- Does this case introduce a new or original tactical mix in executing a strategy?
- Are the social and technical vulnerabilities being exploited in new or different ways?
- Are there novel targets, campaign operators, or participants involved in the case?
- Did the campaign operators or participants adjust their tactics in response to institutional actions (ex. user ban, content removal, account suspension)?
Goal: To include cases with observable outcomes and discernable patterns of engagement
- What is the scale of media coverage (low, medium, high)?
- Does this case have low, medium or high user engagement (ex. retweets, comments, likes)?
- Does this case span multiple platforms, if so how many?
- Did this case invoke institutional responses (ex. political response, civil society response, change in platform governance)?
Goal: To ensure cases are backed by high-quality sources and multiple indicators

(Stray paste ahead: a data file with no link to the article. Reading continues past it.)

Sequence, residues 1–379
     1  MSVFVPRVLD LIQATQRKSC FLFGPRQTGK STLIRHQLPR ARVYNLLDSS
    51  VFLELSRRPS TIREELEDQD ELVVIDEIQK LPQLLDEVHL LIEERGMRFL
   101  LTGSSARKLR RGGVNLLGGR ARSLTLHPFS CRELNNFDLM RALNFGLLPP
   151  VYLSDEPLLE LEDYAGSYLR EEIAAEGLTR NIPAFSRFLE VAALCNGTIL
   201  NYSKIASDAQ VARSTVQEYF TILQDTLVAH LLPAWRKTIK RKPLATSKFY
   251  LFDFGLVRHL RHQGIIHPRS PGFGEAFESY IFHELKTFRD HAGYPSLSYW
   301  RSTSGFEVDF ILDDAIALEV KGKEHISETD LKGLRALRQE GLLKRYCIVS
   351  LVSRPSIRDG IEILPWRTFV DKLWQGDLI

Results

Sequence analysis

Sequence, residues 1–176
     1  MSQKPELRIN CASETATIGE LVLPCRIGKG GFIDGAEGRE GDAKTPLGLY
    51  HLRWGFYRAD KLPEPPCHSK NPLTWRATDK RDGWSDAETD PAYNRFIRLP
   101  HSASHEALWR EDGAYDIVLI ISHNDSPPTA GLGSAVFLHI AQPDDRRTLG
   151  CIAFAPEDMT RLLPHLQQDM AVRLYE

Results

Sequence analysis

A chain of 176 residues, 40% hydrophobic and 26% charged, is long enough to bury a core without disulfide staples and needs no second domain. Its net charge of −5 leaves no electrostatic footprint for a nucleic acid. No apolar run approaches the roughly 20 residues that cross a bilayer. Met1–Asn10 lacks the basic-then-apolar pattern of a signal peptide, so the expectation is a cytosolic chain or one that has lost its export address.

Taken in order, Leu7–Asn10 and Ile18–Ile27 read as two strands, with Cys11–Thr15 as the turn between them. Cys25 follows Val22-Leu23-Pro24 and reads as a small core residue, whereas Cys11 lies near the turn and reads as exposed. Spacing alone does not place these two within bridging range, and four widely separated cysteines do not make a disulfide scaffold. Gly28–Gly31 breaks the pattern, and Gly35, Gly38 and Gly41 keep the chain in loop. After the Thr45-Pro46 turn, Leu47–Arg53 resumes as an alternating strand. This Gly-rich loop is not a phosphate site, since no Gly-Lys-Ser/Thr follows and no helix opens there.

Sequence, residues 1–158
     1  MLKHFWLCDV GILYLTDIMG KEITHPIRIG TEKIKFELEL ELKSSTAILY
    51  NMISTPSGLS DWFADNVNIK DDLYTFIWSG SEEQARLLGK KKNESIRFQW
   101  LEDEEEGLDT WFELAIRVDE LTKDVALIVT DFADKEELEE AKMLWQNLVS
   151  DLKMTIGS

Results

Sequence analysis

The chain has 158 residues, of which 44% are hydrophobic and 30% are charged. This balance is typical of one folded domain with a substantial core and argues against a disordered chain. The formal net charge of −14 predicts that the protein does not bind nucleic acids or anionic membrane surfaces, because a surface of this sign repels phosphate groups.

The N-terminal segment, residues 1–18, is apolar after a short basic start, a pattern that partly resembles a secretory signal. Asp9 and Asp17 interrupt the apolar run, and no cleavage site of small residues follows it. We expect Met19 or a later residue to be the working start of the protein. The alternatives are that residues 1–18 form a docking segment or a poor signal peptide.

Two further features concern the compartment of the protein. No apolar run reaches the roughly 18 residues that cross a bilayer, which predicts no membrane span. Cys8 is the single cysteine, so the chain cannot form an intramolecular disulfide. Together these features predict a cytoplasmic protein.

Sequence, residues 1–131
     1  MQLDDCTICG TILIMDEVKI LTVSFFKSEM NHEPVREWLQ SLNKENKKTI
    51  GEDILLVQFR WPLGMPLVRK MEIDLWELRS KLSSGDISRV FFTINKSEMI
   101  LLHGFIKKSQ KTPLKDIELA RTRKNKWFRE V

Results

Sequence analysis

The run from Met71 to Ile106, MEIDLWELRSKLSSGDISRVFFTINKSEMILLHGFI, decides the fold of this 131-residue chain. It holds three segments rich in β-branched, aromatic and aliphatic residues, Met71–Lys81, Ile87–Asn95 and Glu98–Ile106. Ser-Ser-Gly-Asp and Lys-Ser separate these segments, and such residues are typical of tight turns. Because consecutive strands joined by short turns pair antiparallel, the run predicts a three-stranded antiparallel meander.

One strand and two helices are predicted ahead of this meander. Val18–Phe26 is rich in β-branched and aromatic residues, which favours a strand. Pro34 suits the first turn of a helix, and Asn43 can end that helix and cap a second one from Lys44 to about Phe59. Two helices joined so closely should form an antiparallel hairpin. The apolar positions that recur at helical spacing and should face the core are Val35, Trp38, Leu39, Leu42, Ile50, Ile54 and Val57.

- Is there enough evidence to support analyses of the tactics and strategies employed?
- Are the secondary sources reliable and/or drawn from high-quality investigations? (ex. academic research or credible investigative reporting)
- Is the data collection and analysis repeatable by other researchers?
The means for documenting case studies require a variety of methods that span qualitative inquiry, quantitative analysis, content analysis, network mapping, process tracing, and ethnographic studies. As such, a variety of indicators from different sources (e.g., commercial threat reporting, platform reporting, independent research, investigative journalism, public statements, website scraping) will be used to triangulate findings. In addition, each case study will vary in the methods used to detect and document media manipulation campaigns, depending on how the case developed. All source material will be presented and cited, and when possible, archived and persevered.